Buy Nothing Christmas


“It’s too soon!” I hear some of you shouting.  Well, I hate to break it to you, but Christmas is ten weeks away and, as some people like to get their festive season organised sooner rather than later, I thought that now would be a good time to start this conversation.  As for me?  Thankfully, I don’t have much to organise because Christmas is generally pretty relaxed around our house.

A few years ago, before I’d heard of zero waste, I watched a documentary called “Manufactured Landscapes”, a stunning meditation on the damage wreaked by industrialisation that follows Canadian photographer, Edward Burtynsky as he shoots landscapes that have been changed by large-scale human activity.  It was a sobering watch.

The opening shot of that film really stuck with me.  It was a tracking shot, through a super-sized Chinese factory (one kilometre in length) in which 23,000 employees make most of the world’s irons…and this shot went on f.o.r.e.v.e.r.

Well, only five and a half minutes really.  But it felt like a looong time (kudos if you manage to watch it till the end).  And it got me thinking about the stuff that I buy…and all the other people on the earth buying stuff (side note…have you ever seen a real-time world population clock?…rather frightening).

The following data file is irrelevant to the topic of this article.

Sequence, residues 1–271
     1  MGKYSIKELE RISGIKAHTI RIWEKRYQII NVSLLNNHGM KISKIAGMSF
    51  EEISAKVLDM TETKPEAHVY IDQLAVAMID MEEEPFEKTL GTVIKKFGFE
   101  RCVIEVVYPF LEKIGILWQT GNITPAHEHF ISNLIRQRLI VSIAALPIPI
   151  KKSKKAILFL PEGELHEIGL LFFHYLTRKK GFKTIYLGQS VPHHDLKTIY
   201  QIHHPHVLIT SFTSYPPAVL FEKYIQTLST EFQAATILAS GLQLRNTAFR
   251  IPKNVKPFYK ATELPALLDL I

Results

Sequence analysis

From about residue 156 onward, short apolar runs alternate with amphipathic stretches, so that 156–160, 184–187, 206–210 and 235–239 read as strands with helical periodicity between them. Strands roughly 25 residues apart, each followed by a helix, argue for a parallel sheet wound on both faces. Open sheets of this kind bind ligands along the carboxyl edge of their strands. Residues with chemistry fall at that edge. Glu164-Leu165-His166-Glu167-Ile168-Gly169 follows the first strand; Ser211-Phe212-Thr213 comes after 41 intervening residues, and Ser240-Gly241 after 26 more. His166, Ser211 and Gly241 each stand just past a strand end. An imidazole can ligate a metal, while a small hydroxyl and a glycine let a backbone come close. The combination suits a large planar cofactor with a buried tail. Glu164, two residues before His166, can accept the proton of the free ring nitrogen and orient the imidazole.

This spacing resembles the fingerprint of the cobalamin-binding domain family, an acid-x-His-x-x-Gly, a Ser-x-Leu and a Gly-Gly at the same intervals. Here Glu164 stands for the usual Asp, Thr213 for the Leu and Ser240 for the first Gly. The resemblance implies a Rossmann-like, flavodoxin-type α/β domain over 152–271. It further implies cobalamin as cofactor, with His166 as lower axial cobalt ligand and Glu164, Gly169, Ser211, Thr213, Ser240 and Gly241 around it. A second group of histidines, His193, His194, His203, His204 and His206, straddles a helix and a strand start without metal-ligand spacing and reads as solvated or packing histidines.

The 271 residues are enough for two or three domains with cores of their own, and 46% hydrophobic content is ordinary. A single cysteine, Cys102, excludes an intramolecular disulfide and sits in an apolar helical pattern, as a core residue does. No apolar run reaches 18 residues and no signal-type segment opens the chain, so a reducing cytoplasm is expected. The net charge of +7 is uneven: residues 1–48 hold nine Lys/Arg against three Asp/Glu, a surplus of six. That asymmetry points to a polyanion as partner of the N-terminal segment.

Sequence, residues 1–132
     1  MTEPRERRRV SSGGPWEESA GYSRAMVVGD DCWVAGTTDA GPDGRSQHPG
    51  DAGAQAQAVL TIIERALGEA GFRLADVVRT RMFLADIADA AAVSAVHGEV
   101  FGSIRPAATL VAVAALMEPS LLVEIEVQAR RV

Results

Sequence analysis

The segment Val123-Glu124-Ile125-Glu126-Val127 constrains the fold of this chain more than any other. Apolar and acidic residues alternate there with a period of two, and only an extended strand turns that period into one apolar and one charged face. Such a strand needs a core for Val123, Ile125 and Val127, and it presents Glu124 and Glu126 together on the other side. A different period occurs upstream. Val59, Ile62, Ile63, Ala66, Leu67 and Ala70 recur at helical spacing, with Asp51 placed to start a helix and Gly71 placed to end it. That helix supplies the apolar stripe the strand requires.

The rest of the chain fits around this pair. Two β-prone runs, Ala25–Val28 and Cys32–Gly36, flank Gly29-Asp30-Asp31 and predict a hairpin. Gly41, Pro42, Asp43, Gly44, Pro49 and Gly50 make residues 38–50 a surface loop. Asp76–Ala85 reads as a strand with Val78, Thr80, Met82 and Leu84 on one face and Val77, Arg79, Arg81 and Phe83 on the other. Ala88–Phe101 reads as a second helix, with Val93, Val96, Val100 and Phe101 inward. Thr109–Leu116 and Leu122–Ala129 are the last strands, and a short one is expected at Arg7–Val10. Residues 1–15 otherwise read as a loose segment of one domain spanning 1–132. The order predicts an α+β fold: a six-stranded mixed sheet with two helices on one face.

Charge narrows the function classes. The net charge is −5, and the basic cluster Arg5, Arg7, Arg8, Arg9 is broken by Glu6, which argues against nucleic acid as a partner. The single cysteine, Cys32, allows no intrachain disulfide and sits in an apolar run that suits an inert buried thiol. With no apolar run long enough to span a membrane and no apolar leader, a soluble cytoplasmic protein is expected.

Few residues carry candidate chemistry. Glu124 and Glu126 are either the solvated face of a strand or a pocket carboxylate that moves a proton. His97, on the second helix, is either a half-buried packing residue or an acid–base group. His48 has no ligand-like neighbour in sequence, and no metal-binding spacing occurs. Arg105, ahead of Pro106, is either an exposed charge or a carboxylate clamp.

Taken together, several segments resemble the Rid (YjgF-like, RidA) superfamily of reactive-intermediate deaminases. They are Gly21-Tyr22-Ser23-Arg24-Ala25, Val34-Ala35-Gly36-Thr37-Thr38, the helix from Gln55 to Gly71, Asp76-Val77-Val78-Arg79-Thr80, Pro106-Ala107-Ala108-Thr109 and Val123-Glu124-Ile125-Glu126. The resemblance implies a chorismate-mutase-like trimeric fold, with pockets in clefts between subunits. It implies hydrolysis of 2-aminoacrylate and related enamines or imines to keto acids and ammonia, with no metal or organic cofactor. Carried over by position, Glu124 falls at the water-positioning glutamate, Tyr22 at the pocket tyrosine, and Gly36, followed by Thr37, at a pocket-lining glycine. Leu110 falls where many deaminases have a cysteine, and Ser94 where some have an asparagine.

Shortly after watching that documentary, Christmas season rolled around and I had a conversation with my dad about an idea I’d had.  “Hey dad…I don’t know about you guys, but we have enough stuff…we don’t need any more stuff…and if we did need more stuff, we’d go out and buy it ourselves.  So, how would you feel…if, this Christmas, instead of buying each other stuff…we bought each other “experience gifts”…you know like massage vouchers or dinner out at a restaurant or something like that?”  My dad thought for a moment or two and then replied…”or we could just…buy nothing at all”.  Silence, while I processed this novel concept…and then jubilation.  “Yes!!”  Brilliant!

So, after getting the okay from the rest of the family, that year we had our first Buy Nothing Christmas.

And it was so. freakin. AWESOME!

socksNo scrambling to figure out what to buy my brother who generally made it pretty obvious that he wasn’t that stoked with gifts I gave him.  No more working out what the hell to give my dad, an uber practical guy who, in reality, was happy to receive a pair of socks and a box of scorched almonds (I really didn’t want to go through anotherscorched-almonds Christmas giving socks and scorched almonds).  No more finding homes for gifts that I would receive but had no use for.  No more wasting money on giving family members things that they didn’t actually need and that would just add to the clutter in their lives.  No more stress.